southwest of London, and 10 northeast of Guildford, which shows us their route from Kent. Earlier they went through Farnham, which gives a picture of their mode of carriage-traveling, from village to village. Everything at Cobham was comfortable, and it is pleasant to think of the party sitting down to a “very nice roast fowl.” We don’t know why she could not pay Mr. Herington (a Cobham grocer, Deirdre guesses)”

I too was happy for Henry and Jane they “had a very nice roast fowl” (she likes to eat), “very good Journey, & everything at Cobham was comfortable,” but it would seem to have detracted from the atmosphere that she could not pay her bill. What bill was this? I assume Henry paid for the food and lodging. It was over £2, the amount sent by Mrs Austen which is now returned as useless. So she’s not a rich lady, is she? Why is Cassandra to “try her luck?” Is there some dispute over the amount? So we are still in the Bath world of tiny amounts — people made fun of the 1995 S&S film for having Emma-Elinor worry over the price of sugar and meat. It was true to Austen’s continuing experience.

But they did not begin reading until later, Bentley Green not far from getting back to London. Is it a proof of MP he has? If so, how do they have it? It is improbable that it’s a copy for selling, for then it would be put on sale. A MS? not likely as the revision process would make them a mess unless this was a copied out fair copy. Sigh. (Partly over the idea that this fair copy was not saved if it was one.)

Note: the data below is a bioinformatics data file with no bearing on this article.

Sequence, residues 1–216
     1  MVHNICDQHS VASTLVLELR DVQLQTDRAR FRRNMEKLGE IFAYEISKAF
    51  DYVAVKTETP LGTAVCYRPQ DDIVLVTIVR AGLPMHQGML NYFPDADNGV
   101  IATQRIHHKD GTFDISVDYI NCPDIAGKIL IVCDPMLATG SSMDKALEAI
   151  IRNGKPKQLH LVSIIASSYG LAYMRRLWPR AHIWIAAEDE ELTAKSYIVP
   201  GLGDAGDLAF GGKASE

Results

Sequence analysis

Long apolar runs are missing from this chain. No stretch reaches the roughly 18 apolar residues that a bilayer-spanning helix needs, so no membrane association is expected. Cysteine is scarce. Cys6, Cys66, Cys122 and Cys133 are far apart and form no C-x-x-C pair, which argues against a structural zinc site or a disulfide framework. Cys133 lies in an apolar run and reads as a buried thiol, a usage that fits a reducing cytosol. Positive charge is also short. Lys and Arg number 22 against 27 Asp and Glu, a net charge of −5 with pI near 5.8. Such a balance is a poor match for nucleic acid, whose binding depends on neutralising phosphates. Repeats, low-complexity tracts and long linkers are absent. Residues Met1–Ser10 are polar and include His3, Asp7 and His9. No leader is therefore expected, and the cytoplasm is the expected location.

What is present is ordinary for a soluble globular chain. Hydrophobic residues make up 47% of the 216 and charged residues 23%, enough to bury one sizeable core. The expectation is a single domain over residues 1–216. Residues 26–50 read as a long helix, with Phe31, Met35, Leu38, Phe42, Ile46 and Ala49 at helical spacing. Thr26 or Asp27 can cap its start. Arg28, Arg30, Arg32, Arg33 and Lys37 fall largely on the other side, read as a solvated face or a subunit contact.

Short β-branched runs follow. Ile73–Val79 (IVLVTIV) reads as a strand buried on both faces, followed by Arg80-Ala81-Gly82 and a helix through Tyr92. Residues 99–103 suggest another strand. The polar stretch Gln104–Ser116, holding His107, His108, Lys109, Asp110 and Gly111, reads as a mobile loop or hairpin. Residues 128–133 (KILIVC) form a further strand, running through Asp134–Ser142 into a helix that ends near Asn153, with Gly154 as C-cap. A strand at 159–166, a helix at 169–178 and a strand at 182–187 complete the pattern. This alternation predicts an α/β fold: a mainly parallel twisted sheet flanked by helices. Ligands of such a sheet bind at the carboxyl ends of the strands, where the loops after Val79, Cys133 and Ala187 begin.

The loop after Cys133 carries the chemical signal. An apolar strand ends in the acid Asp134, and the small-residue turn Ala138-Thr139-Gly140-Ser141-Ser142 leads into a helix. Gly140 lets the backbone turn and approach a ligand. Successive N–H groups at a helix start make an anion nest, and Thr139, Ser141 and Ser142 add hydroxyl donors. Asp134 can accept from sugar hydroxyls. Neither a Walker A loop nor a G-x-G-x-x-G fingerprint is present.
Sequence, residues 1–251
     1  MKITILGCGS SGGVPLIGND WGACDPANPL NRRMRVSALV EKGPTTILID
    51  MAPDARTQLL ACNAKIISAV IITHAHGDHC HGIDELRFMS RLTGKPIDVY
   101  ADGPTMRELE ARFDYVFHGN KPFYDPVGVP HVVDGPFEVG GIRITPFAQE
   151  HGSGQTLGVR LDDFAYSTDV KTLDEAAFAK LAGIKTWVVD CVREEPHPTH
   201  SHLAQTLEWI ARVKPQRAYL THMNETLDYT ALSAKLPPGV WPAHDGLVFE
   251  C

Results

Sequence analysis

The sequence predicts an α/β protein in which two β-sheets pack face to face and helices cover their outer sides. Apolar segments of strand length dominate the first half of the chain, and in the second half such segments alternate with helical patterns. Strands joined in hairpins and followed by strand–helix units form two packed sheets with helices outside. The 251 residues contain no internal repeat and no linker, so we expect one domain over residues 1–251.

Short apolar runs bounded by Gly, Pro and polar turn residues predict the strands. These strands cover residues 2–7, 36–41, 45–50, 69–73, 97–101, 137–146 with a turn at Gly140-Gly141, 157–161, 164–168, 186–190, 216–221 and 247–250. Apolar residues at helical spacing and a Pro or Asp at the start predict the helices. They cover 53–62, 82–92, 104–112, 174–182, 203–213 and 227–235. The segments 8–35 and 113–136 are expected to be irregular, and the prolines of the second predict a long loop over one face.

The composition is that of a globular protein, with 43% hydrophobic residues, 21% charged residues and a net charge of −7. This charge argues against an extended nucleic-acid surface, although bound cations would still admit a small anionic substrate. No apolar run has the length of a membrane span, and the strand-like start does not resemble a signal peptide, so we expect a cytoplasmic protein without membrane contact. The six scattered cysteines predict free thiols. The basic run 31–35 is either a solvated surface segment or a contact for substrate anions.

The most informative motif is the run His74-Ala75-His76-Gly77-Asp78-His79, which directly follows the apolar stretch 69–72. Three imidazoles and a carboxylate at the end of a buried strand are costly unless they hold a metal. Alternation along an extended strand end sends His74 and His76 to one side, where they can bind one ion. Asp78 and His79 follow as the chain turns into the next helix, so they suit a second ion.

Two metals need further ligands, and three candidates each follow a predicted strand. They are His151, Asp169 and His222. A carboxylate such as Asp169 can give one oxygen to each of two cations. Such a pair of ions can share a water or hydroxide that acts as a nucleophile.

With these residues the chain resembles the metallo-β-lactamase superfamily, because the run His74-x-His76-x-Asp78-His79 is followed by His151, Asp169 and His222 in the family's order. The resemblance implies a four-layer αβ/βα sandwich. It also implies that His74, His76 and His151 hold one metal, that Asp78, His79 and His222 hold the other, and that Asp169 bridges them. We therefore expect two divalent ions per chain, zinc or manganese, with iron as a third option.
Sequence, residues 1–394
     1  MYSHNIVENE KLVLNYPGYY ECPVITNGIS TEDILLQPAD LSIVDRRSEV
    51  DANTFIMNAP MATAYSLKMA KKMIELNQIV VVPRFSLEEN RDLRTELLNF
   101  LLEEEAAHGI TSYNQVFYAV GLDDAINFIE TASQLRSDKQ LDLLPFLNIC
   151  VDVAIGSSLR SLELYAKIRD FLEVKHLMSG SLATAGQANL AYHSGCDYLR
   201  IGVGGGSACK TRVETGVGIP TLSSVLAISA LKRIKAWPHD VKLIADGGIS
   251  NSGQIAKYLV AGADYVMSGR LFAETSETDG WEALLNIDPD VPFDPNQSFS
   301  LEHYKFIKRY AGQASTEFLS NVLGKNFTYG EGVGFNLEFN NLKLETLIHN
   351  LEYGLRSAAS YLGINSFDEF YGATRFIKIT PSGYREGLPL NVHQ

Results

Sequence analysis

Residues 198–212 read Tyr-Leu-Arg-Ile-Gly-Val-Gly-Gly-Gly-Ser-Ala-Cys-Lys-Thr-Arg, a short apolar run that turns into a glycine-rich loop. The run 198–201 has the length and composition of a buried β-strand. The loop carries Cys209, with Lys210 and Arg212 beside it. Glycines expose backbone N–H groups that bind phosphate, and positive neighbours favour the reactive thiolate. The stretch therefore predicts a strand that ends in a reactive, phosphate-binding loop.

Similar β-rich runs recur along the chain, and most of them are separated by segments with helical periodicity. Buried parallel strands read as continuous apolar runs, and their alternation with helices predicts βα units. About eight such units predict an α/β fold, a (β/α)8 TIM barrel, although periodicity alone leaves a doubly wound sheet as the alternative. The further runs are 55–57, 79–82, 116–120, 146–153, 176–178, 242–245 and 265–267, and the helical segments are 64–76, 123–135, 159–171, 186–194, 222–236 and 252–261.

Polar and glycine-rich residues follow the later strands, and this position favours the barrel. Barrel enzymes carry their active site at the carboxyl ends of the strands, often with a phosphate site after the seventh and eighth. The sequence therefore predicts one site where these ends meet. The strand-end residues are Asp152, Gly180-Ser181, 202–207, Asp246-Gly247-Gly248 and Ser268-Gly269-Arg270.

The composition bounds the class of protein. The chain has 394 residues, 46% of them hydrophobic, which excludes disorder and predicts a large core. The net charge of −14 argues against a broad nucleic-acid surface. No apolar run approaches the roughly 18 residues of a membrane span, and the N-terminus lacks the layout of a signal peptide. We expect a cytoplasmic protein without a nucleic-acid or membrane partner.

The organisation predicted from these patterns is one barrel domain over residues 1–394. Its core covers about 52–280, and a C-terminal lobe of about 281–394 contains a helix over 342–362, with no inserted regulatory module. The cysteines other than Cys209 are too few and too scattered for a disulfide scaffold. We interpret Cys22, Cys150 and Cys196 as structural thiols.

Anna Massey as the scolding Mrs Norris (1983 MP)

“Henry’s approbation hitherto is even equal to my wishes; he says it is very different from the other two [P&P and S&S], but does not appear to think it at all inferior. He has only married Mrs. R[ushworth]. I am afraid he has gone through the most entertaining part. – He took to Lady B[ertram] & Mrs. N[orris] most kindly, & gives great praise to the drawing of the Characters. He understands them all, likes Fanny & I think foresees how it will all be.”